J.A.A. (Aurel) Schulz (sometimes Schultz) was the second son of Dr Julius Schulz* of Durban and brother of Dr Cecil Schulz*. He learned much about medicine from his father before going to Berlin to study medicine. However, his studies were interrupted by the Anglo-Zulu War of 1879 during which he appears to have served as both a sharpshooter and medical orderly at the battle of Ulundi and was awarded a medal and bar. Returning to Berlin he qualified as Doctor of Medicine (MD). Back in Natal he settled in Dundee and was licensed to practise in September 1881. On 7 November 1894 he married Elizabeth M. Mandy of Harrismith, with whom he had five children.
Schulz's hobbies were natural history and big game hunting. In March 1884 he and the surveyor August Hammar* set out on an expedition to the Victoria Falls and regions further west, with the aim of completing the exploration of the Chobe River. They reached the Victoria Falls on Schulz's birthday, 27 May. After following the Zambesi upstream they travelled up the Linyanti River and cut across to the Okavango River above the Popa Falls, then down the river to Lake Ngami, completing the detailed mapping of the course of the Okavango-Taoghe Rivers from the Popa Falls in Namibia into Botswana. They also demonstrated the connection between the Okavango and the Chobe Rivers. Schulz was convinced that this waterway would "in the future be of considerable economic value, as it will facilitate intercourse over a large area of water on both rivers" (Natal who's who, 1906) - an expectation that was not realised. They returned to Natal in January 1885. That same year a paper by Schulz, "Erforschung der Chobe und Cubango-Fl?sse" (Exploration of the Chobe and Cubango [i.e. Okavango] Rivers), was published in the Verhandlungen der Gesellschaft f?r Erdkunde, Berlin. With Hammar as co-author Schulz later wrote an excellent and comprhensive account of their explorations, The new Africa: a journey up the Chobe and down the Okavanga rivers... (London, 1897). He was elected a Fellow of the Royal Geographical Society (FRGS).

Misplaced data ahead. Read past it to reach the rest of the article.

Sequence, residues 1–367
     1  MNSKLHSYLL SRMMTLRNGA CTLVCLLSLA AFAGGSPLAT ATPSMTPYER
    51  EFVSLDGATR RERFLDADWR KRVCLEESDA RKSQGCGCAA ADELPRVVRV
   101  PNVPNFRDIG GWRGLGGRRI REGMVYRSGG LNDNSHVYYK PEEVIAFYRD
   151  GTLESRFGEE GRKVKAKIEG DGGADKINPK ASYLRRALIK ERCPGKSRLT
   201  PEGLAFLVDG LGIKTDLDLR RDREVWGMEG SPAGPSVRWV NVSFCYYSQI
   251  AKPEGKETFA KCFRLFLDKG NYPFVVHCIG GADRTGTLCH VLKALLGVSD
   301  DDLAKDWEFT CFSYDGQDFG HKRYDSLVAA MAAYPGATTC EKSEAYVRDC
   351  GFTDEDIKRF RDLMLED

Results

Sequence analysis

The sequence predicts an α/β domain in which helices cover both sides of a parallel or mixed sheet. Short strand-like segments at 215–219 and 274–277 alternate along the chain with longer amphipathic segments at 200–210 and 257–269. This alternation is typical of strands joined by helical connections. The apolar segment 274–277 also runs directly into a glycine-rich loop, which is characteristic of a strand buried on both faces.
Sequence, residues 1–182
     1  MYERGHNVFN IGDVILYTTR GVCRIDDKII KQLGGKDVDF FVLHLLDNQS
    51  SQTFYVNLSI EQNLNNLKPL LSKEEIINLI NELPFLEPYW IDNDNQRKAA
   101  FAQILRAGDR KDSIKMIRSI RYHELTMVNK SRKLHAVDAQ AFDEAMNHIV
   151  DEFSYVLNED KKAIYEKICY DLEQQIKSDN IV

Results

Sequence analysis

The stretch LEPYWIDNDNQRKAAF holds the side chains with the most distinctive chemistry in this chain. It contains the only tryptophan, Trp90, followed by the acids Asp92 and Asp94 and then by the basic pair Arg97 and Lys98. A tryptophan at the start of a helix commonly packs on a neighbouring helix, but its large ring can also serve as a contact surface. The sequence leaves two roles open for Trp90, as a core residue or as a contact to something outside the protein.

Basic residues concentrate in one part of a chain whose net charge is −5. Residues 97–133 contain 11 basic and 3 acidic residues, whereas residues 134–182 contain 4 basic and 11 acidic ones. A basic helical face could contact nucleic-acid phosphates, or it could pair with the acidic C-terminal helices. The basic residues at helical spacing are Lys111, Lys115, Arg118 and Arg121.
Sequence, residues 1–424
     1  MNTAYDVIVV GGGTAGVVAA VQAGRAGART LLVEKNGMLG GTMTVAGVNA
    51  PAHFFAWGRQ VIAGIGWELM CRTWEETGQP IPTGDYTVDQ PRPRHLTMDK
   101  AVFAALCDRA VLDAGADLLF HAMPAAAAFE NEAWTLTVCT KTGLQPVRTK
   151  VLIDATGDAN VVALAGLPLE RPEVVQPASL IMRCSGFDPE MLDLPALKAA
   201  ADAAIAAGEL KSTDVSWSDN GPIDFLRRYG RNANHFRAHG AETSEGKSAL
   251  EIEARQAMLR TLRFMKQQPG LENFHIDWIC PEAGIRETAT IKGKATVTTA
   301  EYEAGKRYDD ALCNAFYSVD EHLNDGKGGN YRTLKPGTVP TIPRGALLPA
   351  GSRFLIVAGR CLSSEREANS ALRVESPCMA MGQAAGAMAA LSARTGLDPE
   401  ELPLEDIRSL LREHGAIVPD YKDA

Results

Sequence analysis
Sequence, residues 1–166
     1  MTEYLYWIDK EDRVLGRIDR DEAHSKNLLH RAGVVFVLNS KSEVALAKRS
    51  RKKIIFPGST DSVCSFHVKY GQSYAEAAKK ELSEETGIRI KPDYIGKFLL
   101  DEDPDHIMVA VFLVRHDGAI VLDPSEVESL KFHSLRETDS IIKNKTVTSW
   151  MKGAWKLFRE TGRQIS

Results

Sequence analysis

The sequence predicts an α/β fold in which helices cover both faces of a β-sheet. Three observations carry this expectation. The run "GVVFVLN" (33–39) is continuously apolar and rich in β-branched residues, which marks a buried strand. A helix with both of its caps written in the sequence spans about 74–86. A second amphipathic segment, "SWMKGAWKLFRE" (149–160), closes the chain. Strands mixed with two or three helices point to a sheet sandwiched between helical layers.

Schulz later travelled in central Africa and Madagascar. By 1887 he lived in Johannesburg and that year became a foundation menber of the Rand Club. During 1890-1891 he negotiated for concessions with Chief Gungunhana of the Gaza region of Mozambique, as an agent for the British South Africa Company (which controlled present Zimbabwe). In the years before and after his mission to Gazaland he continued to live in Johannesburg, where he appears to have been more involved in financial matters than in medicine. In 1898 he participated in a pearl fishing venture off the coast of Tanzania. At that time he resided in Durban.
He became a member of the the Geological Society of South Africa in 1898 and of the Chemical and Metallurgical Society of South Africa (from 1902 the Chemical, Metallurgical and Mining Society of South Africa) in 1899. Returning home from a visit to England towards the end of 1899 he found that the house on his farm "The Oaks", outside Dundee, had been destroyed during one of the early battles of the Anglo-Boer War (1899-1902). He settled in Durban again around 1905, practising medicine in between his other activities. At this time he was a member of various clubs in Durban, Johannesburg and London. In September 1910 he was elected a member of the first council of the (short-lived) Natal Scientific Society. He read at least two papers before the society. One of these, "Some snakes and their poisons", was published in The Naturalist (1911, Vol. 1(6), pp. 257-278). The other, "Rubber", appeared in the society's Transactions and Proceedings (1912, Vol. 2, pp. 45-52). He continued to travel to remote places, usually alone, and died of a heart attack while investigating the use of tropical grass for paper making in Mozambique.